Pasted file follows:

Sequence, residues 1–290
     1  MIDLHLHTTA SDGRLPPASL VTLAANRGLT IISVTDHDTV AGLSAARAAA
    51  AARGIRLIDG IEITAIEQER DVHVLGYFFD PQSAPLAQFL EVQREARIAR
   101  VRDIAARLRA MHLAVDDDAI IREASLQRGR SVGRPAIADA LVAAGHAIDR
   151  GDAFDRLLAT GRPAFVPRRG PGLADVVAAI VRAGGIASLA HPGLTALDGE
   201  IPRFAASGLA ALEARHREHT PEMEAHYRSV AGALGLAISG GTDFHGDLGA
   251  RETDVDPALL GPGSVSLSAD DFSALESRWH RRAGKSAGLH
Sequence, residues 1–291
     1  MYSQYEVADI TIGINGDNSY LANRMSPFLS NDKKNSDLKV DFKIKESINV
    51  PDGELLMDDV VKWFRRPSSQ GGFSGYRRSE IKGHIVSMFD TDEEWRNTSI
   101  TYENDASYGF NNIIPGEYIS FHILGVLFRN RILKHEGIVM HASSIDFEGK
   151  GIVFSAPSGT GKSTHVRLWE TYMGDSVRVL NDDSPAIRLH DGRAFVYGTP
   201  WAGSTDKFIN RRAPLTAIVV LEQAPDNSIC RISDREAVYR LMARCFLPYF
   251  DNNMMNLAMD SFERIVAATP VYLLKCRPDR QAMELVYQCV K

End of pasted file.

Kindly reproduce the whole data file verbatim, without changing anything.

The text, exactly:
Sequence, residues 1–290
     1  MIDLHLHTTA SDGRLPPASL VTLAANRGLT IISVTDHDTV AGLSAARAAA
    51  AARGIRLIDG IEITAIEQER DVHVLGYFFD PQSAPLAQFL EVQREARIAR
   101  VRDIAARLRA MHLAVDDDAI IREASLQRGR SVGRPAIADA LVAAGHAIDR
   151  GDAFDRLLAT GRPAFVPRRG PGLADVVAAI VRAGGIASLA HPGLTALDGE
   201  IPRFAASGLA ALEARHREHT PEMEAHYRSV AGALGLAISG GTDFHGDLGA
   251  RETDVDPALL GPGSVSLSAD DFSALESRWH RRAGKSAGLH
Sequence, residues 1–291
     1  MYSQYEVADI TIGINGDNSY LANRMSPFLS NDKKNSDLKV DFKIKESINV
    51  PDGELLMDDV VKWFRRPSSQ GGFSGYRRSE IKGHIVSMFD TDEEWRNTSI
   101  TYENDASYGF NNIIPGEYIS FHILGVLFRN RILKHEGIVM HASSIDFEGK
   151  GIVFSAPSGT GKSTHVRLWE TYMGDSVRVL NDDSPAIRLH DGRAFVYGTP
   201  WAGSTDKFIN RRAPLTAIVV LEQAPDNSIC RISDREAVYR LMARCFLPYF
   251  DNNMMNLAMD SFERIVAATP VYLLKCRPDR QAMELVYQCV K